Flesh Wouldn’t Yield

LAKE MACBRIDE— Friday morning the frost was thick. While walking the kitchen compost jar to the bin, the blades of grass crunched under my plastic shoes, leaving green footprints in the frosty lawn. After emptying the jar, I stopped by the vegetable plots, and as expected the tomatoes and peppers were bitten. Chard, collards, turnips and arugula looked like they might recover this time, but another milestone in a season of gardening has been passed.

Work called me to a farm where I was hired to help clear the field. The biggest part of the work so far has been deconstructing the tomato cages. Tomatoes are an important part of a CSA, so producing enough good looking ones is important. Some put in a lot of plants, hoping to glean the best for customers and offer bulk crates of seconds for those who may want them. Others cast the die in an amount that seems right based on prior experience. Tomatoes were a mixed bag around the county this year, and those who had a surplus of good ones sold them to others who didn’t. There were plenty of seconds for processing and my pantry .contains plenty of canned tomatoes.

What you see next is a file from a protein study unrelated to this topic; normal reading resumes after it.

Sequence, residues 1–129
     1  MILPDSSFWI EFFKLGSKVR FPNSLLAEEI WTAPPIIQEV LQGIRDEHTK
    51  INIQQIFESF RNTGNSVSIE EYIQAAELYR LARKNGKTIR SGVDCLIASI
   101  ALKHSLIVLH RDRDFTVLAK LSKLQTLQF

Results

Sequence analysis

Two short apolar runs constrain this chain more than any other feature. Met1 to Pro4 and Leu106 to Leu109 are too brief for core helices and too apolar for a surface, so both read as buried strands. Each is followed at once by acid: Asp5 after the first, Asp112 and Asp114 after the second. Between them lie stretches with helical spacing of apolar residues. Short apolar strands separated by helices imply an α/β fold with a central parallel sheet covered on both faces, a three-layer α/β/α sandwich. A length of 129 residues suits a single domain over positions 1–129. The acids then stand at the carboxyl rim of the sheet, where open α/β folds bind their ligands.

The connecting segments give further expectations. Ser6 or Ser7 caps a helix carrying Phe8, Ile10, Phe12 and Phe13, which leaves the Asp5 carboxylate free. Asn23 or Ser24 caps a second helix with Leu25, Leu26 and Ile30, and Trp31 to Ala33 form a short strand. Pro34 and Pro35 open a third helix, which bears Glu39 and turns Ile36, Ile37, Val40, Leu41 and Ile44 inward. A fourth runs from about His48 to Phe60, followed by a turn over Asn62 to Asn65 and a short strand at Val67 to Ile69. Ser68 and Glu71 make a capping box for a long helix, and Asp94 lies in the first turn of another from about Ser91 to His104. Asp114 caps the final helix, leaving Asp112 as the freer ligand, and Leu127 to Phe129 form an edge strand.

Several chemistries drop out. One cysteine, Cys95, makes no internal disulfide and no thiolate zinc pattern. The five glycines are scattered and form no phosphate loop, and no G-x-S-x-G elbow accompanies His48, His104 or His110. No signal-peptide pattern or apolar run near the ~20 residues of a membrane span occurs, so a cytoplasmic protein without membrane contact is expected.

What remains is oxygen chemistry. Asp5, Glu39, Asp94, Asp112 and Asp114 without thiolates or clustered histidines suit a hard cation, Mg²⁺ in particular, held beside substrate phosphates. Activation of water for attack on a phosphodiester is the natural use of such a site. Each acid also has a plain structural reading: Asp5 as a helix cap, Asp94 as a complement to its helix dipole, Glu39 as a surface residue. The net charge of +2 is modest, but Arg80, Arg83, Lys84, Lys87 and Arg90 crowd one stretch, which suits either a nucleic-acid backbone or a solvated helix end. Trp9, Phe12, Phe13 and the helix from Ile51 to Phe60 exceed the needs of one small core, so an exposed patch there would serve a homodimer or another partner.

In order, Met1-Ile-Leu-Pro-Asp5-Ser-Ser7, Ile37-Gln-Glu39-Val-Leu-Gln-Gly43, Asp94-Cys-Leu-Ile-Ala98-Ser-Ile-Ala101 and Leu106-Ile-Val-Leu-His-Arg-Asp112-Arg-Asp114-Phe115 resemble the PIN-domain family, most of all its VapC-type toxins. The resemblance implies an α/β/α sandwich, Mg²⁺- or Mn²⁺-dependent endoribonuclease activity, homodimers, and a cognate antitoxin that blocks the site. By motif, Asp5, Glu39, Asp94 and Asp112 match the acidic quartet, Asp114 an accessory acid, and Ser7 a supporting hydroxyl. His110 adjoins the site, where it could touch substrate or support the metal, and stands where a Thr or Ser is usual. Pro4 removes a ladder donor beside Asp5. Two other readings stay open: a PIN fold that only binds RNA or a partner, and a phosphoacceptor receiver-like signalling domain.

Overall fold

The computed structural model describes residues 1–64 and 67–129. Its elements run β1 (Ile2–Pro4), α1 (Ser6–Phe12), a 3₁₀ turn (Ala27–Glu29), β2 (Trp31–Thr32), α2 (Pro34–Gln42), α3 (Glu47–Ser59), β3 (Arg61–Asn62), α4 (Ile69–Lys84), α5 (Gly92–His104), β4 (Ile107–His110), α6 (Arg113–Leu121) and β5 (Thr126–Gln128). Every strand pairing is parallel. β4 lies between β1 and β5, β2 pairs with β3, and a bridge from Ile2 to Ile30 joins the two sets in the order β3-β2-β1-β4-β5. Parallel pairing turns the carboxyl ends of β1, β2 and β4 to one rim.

When I arrived at the work site, we walked through the pepper patch. When I tried to take a bite from a perfect looking green bell pepper, the flesh wouldn’t yield. Frozen solid and ready to be plowed under. I thought, if the rest of the good peppers were harvested and placed in the freezer now, they could be preserved for later use. However, there was other work to do and once the day thawed, it would be too late. The exigencies of work life intervened with my frugal impulse.

The rest of the day we dug potatoes, harvested Brussels sprouts and polished green peppers picked before the frost. We also continued the tomato cage work, although a few hours remain to be finished. The focus was on getting the fall share out Monday, and there is an abundance of produce to be processed for delivery.

As winter arrives, and food thoughts turn to the pantry, I stopped at the orchard and bought a bushel of WineCrisp™ apples for their storage capabilities. When they are ripe, I’ll buy a bushel of GoldRush for the same reason. While it is kind of apple-geeky, you should know about the propagation work being done at Rutgers, Purdue and the University of Illinois in developing these apples without genetic engineering. Fit reading as we move indoors and settle in for a winter not far away.